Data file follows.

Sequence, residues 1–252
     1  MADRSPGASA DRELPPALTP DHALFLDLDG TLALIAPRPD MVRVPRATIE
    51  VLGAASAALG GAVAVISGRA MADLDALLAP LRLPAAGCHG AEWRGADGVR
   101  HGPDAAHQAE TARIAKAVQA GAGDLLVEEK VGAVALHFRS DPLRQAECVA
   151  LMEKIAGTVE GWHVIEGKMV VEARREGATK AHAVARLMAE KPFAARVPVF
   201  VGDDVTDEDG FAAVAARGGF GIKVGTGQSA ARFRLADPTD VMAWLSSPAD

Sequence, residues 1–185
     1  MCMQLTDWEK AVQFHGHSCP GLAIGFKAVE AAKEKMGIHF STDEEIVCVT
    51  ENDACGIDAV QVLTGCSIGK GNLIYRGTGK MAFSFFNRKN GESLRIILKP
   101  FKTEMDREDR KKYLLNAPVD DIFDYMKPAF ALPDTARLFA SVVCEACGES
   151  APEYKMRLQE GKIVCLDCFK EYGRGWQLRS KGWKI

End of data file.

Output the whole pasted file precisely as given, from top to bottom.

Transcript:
Sequence, residues 1–252
     1  MADRSPGASA DRELPPALTP DHALFLDLDG TLALIAPRPD MVRVPRATIE
    51  VLGAASAALG GAVAVISGRA MADLDALLAP LRLPAAGCHG AEWRGADGVR
   101  HGPDAAHQAE TARIAKAVQA GAGDLLVEEK VGAVALHFRS DPLRQAECVA
   151  LMEKIAGTVE GWHVIEGKMV VEARREGATK AHAVARLMAE KPFAARVPVF
   201  VGDDVTDEDG FAAVAARGGF GIKVGTGQSA ARFRLADPTD VMAWLSSPAD

Sequence, residues 1–185
     1  MCMQLTDWEK AVQFHGHSCP GLAIGFKAVE AAKEKMGIHF STDEEIVCVT
    51  ENDACGIDAV QVLTGCSIGK GNLIYRGTGK MAFSFFNRKN GESLRIILKP
   101  FKTEMDREDR KKYLLNAPVD DIFDYMKPAF ALPDTARLFA SVVCEACGES
   151  APEYKMRLQE GKIVCLDCFK EYGRGWQLRS KGWKI